COVID-19: Keep up to date with the latest pharmaceutical and healthcare news as the pandemic evolves
J&J resumes roll-out of COVID-19 vaccine in EU
21st April 2021
EMA's safety committee has confirmed the overall benefit-risk profile of the jab
Johnson & Johnson (J&J) is planning to resume the roll-out of its COVID-19 vaccine in the EU following updated guidance from the European Medicines Agency’s (EMA) safety committee.
The EMA’s Pharmacovigilance Risk Assessment Committee (PRAC) has reviewed a small number of cases of very rare blood clots in combination with low platelet counts in individuals who have received the J&J vaccine.
According to J&J, these very rare adverse events can occur within approximately one to three weeks following injection with its COVID-19 vaccine.
The PRAC has confirmed the overall benefit-risk profile of J&J’s COVID-19 vaccine, although J&J must update the product information for the jab to include information on the diagnosis and management of this type of rare adverse event.
J&J will now resume shipments of its COVID-19 vaccine in the European Union, Norway and Iceland, with updated EMA and Healthcare Professionals guidance to become available to national healthcare authorities.
"The safety and well-being of the people who use our products is our number one priority. We appreciate the rigorous review of the PRAC and share the goal of raising awareness of the signs and symptoms of this very rare event to ensure the correct diagnosis and appropriate treatment," said Paul Stoffels, vice chairman of the executive committee and chief scientific officer at Johnson & Johnson.
"We strongly believe in the positive benefits of our single-shot, easily transportable COVID-19 vaccine to help protect the health of people everywhere and reach communities in need globally. We are committed to equitable access and to bringing an affordable COVID-19 vaccine to the public on a not-for-profit basis for emergency pandemic use,” he added.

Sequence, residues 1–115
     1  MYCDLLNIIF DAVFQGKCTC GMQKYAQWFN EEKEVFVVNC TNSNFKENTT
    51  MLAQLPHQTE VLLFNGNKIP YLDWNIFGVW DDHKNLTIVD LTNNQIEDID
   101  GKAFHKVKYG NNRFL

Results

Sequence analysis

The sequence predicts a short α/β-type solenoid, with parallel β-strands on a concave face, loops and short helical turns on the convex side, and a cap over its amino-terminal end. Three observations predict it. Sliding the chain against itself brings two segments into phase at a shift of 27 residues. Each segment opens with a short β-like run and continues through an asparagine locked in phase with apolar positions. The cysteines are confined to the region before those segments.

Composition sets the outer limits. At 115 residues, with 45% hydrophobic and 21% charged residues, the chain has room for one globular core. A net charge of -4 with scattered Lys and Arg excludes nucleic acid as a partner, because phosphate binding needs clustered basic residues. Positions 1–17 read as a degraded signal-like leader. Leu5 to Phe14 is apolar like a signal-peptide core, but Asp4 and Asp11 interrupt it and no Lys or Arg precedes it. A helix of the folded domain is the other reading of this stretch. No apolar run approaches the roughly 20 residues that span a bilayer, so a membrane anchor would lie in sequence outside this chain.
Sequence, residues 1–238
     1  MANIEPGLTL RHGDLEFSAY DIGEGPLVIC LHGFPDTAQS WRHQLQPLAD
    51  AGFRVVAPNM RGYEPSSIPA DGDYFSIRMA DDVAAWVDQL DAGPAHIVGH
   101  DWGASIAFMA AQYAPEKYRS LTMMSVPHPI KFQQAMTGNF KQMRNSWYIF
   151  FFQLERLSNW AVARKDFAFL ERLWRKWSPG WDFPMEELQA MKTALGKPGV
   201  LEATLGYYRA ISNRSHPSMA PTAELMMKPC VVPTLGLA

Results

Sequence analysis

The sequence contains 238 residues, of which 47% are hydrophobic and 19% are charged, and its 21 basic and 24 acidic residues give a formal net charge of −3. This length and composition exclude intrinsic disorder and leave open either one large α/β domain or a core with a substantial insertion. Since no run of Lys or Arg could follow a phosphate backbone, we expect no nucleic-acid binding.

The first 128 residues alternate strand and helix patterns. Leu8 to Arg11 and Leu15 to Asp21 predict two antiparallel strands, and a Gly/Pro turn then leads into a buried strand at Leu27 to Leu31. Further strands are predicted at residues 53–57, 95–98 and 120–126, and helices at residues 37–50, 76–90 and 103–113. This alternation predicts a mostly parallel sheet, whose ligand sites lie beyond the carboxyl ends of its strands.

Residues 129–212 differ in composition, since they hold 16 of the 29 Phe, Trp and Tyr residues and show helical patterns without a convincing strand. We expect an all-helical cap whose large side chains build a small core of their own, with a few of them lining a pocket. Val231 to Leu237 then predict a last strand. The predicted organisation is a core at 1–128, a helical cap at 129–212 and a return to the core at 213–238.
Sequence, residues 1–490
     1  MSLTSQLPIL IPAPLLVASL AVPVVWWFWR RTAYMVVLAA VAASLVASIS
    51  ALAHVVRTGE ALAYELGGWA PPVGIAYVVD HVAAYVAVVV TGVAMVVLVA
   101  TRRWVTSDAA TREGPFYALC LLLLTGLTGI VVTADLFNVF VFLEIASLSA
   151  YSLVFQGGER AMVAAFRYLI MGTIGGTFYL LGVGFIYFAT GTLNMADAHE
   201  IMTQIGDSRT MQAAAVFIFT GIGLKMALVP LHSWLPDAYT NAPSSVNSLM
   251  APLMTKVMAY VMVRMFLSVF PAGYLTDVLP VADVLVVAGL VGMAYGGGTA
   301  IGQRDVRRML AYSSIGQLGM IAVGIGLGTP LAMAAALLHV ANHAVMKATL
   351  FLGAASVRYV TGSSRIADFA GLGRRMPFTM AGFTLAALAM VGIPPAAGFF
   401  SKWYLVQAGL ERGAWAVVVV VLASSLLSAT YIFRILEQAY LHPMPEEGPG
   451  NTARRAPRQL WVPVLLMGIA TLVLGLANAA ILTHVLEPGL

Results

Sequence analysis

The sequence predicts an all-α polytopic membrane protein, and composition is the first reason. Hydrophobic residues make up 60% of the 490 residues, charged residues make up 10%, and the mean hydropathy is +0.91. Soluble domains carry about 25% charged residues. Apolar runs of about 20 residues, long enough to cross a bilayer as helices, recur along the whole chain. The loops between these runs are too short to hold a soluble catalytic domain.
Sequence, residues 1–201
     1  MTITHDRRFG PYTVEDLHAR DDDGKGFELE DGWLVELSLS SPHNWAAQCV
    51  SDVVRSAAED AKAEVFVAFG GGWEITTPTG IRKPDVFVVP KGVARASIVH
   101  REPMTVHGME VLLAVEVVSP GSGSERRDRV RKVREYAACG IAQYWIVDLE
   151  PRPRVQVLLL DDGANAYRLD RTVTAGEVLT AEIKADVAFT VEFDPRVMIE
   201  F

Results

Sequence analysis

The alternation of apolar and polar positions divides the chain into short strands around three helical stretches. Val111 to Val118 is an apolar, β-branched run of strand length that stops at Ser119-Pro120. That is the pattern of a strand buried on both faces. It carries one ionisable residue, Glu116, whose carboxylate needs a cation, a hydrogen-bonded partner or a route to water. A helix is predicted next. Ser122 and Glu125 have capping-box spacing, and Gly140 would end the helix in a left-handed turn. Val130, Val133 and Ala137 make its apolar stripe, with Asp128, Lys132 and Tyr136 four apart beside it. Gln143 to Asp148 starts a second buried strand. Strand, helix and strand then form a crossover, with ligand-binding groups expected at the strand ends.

In the US, the Centers for Disease Control and Prevention (CDC) and Food and Drug Administration (FDA) are currently reviewing the same blood clot cases.
Following an initial meeting of the CDC’s Advisory Committee on Immunisation Practices (ACIP), another meeting has been scheduled for 23 April for further discussion of the blood clot cases.
NHS extends ‘COVID-friendly’ at-home cancer care
31st March 2021
Funding for effective, 'less risky' treatments extended until summer 2021
The NHS has announced that thousands of people will benefit from the extension of ‘COVID-friendly’ cancer treatments which can be taken at home.
Since April, approximately 8,000 people have benefitted from treatment swaps, to enable cancer treatment to continue during the COVID-19 pandemic, with over 250,000 people beginning treatment for cancer since the start of the pandemic.
The NHS will continue to fund effective and ‘less risky treatment[s]’ for patients during the pandemic, with access to these drugs now extended until summer and potentially continuing until the end of March 2022.
Among the options available are targeted hormone therapies such as enzalutamide (Xtandi; Astellas/Pfizer) for prostate cancer and broadened use of lenalidomide (Revlimid; Bristol Myers Squibb) for myeloma.
Some ovarian cancer patients will also be able to receive trametinib (Mekinist; Novartis) as a tablet alternative to chemotherapy, to help reduce the impact on their immune systems.
“Cancer has been a priority throughout the pandemic which is why NHS staff have fast-tracked patient access to more convenient and kinder treatments to provide as many people as possible with safe and effective care, even as the NHS cared for more than 380,000 people seriously ill with COVID-19,” said Peter Johnson, NHS clinical director for cancer.
“Extending the use of ‘Covid friendly’ treatments for cancer is another example of how we are embracing the full range of treatment options and bringing the NHS to patients at home in many cases,” he added.
GSK agrees to support manufacture of Novavax' COVID-19 vaccine
30th March 2021
British drugmaker will help to produce up to 60 million doses for use in the UK
GlaxoSmithKline (GSK) has agreed in principle to support manufacturing of up to 60 million doses of Novavax’ COVID-19 vaccine candidate – NVX-CoV2373 – for use in the UK.
GSK has agreed with Novavax and the UK government Vaccines Taskforce to provide fill and finish manufacturing capacity at its Barnard Castle facility in the North East of England, starting as early as May 2021.
Fill and finish is the completion stage of vaccine manufacturing – during this stage, vials of the final vaccine are prepared and packaged for distribution and use.
According to GSK, the parties will negotiate a final agreement to include additional terms and conditions, although technology transfer between the two companies is set to begin ‘immediately’.